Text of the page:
Israel's Prime Minister Benjamin Netanyahu on Sunday sought to allay mounting concern over a policy agenda that has divided Israelis and alarmed allies in the two months since his government was installed.
“We are one people, with one destiny, with one country, one faith … if you’re waiting for civil war, it ain’t going to happen,” Mr Netanyahu said in a speech at the annual Jerusalem gathering of the Conference of Presidents of Major American Jewish Organisations.
Israelis have staged weekly protests across the country to oppose his government's proposed reforms of the judicial system, which have also alarmed key allies including the US.
The overhaul includes a new “override clause” that would allow parliament to relegislate — by simple majority — laws that the Supreme Court rejects, and give the government control over the selection of judges.
On Thursday, US ambassador to Israel Tom Nides said the Biden administration had told Mr Netanyahu to “pump the brakes. Slow down, try to get a consensus, bring the parties together” on the reforms.
Members of Mr Netanyahu's government condemned the remarks, with Diaspora Minister Amichai Chikli telling the ambassador to “put the brakes on yourself and mind your own business”.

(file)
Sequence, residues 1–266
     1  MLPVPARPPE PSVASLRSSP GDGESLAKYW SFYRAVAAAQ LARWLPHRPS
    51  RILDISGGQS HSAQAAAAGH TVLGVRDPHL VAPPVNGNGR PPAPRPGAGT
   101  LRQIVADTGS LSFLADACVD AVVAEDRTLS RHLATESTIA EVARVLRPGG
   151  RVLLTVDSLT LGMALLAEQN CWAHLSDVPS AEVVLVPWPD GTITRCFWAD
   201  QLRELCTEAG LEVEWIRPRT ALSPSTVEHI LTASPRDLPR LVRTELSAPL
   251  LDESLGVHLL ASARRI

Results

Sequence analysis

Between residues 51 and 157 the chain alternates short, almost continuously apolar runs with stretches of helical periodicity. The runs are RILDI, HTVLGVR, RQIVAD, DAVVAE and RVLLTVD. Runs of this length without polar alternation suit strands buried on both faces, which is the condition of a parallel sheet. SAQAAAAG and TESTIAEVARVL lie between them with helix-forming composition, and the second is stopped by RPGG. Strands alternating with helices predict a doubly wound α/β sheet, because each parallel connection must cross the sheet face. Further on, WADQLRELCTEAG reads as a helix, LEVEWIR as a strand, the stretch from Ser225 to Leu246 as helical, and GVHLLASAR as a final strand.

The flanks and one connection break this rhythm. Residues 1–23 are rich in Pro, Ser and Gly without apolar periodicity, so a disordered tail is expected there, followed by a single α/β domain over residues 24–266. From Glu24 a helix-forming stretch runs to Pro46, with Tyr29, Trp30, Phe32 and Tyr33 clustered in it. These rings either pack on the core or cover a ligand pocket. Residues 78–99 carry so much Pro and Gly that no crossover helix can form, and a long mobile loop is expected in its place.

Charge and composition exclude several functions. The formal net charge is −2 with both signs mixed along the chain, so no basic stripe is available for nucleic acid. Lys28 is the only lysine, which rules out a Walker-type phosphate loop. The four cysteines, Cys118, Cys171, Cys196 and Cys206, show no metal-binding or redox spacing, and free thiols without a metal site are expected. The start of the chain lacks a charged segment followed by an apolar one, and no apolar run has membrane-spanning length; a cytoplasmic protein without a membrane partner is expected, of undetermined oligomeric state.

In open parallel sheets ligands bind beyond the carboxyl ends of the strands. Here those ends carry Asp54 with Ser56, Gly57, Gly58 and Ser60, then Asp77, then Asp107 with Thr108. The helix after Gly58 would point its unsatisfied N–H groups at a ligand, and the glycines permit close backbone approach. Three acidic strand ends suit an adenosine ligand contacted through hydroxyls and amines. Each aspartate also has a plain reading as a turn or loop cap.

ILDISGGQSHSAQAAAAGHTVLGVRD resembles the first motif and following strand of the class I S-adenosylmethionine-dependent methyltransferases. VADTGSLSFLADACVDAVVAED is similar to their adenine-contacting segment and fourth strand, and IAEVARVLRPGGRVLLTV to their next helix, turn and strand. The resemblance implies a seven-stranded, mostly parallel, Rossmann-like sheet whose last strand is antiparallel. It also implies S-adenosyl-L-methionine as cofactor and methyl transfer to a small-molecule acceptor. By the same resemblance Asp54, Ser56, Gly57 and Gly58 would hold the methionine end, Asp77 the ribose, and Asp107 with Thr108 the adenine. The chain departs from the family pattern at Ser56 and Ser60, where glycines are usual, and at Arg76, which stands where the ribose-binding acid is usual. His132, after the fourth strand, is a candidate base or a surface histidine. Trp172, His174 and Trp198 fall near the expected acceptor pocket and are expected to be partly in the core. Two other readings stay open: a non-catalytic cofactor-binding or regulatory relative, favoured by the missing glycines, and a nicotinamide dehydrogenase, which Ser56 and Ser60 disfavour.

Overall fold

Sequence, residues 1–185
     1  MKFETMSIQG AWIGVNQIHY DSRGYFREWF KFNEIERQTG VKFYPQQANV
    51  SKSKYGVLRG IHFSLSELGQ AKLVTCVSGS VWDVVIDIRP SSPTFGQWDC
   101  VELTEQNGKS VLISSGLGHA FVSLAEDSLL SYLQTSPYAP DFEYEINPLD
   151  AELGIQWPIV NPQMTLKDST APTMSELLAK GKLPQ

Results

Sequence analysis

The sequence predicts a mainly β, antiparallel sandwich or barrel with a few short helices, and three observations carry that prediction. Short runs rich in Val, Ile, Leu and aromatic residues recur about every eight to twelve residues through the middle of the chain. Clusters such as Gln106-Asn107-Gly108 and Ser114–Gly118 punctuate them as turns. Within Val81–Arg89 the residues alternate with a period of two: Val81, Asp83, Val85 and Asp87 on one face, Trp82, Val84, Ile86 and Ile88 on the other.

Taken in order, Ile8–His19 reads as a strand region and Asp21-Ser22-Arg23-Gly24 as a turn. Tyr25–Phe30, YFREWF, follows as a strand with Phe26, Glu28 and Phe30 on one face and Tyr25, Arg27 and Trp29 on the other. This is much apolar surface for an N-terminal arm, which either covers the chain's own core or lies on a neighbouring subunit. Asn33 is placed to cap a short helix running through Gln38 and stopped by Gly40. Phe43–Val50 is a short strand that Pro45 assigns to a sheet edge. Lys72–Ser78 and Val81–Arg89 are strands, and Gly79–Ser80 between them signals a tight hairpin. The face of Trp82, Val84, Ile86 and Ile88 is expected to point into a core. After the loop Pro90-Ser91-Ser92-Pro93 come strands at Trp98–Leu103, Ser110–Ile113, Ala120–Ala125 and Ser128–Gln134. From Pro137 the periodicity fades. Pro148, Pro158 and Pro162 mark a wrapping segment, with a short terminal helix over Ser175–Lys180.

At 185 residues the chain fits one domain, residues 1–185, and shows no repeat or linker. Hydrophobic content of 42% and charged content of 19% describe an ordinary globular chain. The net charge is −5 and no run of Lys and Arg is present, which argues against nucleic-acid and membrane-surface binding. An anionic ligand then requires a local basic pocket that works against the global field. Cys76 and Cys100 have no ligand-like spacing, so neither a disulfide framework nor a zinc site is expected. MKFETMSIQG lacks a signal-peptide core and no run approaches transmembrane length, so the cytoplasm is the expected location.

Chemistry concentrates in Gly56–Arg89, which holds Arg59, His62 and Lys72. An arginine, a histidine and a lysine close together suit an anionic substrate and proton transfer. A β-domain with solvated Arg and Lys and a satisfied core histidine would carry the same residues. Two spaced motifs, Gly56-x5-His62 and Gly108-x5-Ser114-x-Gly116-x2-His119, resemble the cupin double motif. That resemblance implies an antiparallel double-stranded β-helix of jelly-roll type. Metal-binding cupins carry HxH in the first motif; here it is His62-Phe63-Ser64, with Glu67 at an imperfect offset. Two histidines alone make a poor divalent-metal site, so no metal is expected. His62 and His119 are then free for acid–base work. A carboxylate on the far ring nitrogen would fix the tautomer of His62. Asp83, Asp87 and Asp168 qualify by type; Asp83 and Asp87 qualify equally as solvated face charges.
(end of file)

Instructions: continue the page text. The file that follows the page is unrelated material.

Mr Nides later clarified his comments, saying: “I didn’t say put the brakes on, I said pump the brakes … I’m not involved in how Israelis pick their Supreme Court.”
Mr Netanyahu adopted a more diplomatic tone in his speech on Sunday.
“Israel is a democracy and will remain a democracy, with majority rule and proper safeguards for civil liberties,” he said.
“All democracies should respect the will of other free peoples, just like we respect their democratic decisions.”
But a recent poll by Israel's Channel 12 found that only one in four Israelis supported the judicial reforms. And on Saturday, tens of thousands of Israelis turned out for a seventh consecutive weekend to protest against the move. A general strike called last Monday, when the legislation was tabled in parliament, was one of the biggest in the country’s history.
Thousands of protesters were expected to gather in Jerusalem's political district once again on Monday as the Knesset — Israel's parliament — convenes to vote on the plan.
President Isaac Herzog, who is attempting to mediate on the issue between the ruling right-wing coalition and opposition parties, issued another call for compromise on Sunday and suggested the matter could settled “in a matter of days”.
However, any compromise would embarrass the new government and further alienate extreme-right members of the cabinet, many of whom put judicial reform at the heart of their manifestos.
Mr Netanyahu on Sunday also reaffirmed other priorities for his time in office, saying that the government was working on a peace deal with Saudi Arabia, boosted by a series of vast infrastructure projects.
He described the potential deal as a “quantum leap ending Israeli-Arab, not Palestinian, conflict”.
He also spoke of his growing concern over Iran edging closer to making a nuclear weapon.
International Atomic Energy Agency inspectors in Sunday revealed that Tehran was just short of enriching uranium to the threshold needed for a nuclear bomb.